§ 61. Mr. Russell
asked the Chancellor of the Exchequer what proportion of the United Kingdom's imports and exports are financed by the mechanism of acceptance credit, giving the figures for Commonwealth and foreign countries, respectively.
§ Mr. Barber
I regret that the information is not available. It may be of some interest, however, that the value of imports and exports taken together, on a balance of payments basis, was £1,911 million in the fourth quarter of 1959, while the value of sterling acceptances given by United Kingdom banks to nonresidents was £134 million at the end of December. £121 million of this was to the non-sterling world. These figures of acceptances granted cover, however, not only United Kingdom trade but also trade between countries overseas.
§ 62. Mr. Biggs-Davison
asked the Chancellor of the Exchequer if he will state the contribution during each of the last three years of each member of the 128W sterling area to its gold and dollar reserves; and what proportion of those reserves have been used, under the authority of the Bank of England, for acceptance credit.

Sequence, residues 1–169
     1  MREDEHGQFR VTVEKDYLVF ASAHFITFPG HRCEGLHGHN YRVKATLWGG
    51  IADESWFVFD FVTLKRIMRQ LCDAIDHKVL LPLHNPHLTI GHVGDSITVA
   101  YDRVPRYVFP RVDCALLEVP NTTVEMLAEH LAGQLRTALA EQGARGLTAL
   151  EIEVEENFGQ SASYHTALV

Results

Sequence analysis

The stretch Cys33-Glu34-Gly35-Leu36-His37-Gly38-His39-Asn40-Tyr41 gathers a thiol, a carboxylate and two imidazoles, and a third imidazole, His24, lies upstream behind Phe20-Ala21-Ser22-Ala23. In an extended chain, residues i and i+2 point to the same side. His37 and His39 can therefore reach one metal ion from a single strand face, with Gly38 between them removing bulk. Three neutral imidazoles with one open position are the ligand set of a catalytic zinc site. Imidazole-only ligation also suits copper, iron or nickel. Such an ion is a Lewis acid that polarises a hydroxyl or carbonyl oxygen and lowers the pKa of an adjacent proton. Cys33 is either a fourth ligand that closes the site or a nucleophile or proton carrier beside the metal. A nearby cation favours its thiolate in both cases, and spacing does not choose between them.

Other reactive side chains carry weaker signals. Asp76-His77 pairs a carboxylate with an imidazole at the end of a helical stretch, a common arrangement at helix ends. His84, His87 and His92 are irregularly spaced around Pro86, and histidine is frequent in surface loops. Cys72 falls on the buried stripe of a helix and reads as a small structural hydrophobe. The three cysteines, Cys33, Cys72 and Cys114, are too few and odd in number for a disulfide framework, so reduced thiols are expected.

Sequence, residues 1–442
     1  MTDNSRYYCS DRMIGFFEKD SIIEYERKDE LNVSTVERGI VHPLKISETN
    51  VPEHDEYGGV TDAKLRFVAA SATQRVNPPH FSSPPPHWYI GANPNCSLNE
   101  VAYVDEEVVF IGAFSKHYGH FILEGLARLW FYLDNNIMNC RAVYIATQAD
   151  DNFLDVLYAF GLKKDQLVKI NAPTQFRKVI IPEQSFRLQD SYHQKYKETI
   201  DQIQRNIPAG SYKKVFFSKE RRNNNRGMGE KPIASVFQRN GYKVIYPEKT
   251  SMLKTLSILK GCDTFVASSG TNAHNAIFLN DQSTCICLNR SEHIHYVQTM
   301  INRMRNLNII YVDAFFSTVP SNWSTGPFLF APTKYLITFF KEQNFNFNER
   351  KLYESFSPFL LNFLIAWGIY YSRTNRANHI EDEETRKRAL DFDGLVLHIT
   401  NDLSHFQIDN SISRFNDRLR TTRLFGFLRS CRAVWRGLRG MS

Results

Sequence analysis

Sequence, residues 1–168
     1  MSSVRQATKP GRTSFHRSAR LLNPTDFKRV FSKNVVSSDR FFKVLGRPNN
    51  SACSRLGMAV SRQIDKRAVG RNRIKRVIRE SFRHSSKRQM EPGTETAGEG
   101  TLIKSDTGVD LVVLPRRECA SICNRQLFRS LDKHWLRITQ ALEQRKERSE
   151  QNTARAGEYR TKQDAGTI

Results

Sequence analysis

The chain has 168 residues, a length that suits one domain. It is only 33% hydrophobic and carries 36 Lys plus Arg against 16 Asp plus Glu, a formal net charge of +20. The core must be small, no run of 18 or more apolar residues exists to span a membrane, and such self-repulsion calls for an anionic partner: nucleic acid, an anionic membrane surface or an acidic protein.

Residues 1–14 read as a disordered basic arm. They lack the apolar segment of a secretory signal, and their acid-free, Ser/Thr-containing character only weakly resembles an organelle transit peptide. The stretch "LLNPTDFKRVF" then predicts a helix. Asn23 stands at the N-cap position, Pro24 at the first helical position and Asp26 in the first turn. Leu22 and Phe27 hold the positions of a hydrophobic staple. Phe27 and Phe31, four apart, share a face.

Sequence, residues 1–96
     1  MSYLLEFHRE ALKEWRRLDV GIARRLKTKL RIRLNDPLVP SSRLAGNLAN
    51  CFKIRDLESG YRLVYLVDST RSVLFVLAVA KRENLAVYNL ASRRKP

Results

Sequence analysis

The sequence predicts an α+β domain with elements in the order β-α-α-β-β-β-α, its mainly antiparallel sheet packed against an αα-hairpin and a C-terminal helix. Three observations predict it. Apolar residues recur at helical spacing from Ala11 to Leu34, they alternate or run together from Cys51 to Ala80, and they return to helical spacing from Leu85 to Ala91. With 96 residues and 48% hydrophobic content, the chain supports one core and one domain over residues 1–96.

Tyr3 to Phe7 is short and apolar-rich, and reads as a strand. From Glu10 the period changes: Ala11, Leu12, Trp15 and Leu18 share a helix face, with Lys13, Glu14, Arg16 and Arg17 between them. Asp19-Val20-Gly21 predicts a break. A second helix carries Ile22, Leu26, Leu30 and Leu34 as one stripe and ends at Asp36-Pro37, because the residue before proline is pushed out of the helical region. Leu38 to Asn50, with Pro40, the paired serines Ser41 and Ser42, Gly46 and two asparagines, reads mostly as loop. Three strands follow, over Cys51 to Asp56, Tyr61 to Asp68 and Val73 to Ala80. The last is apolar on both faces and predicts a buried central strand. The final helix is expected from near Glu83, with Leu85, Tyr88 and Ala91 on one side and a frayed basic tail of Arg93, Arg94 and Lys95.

§ Mr. Barber
It is not the practice to provide estimates for individual countries. Transfers of gold and foreign exchange from the rest of the sterling area as a whole to the United Kingdom are shown in the Balance of Payments White Papers and totalled £666 million in the three years 1957–1959. This was used to cover the area's overall deficit with the United Kingdom.
There is little connection between these transfers from the rest of the sterling area and the amount of acceptance credits which increased by £8 million over the same period.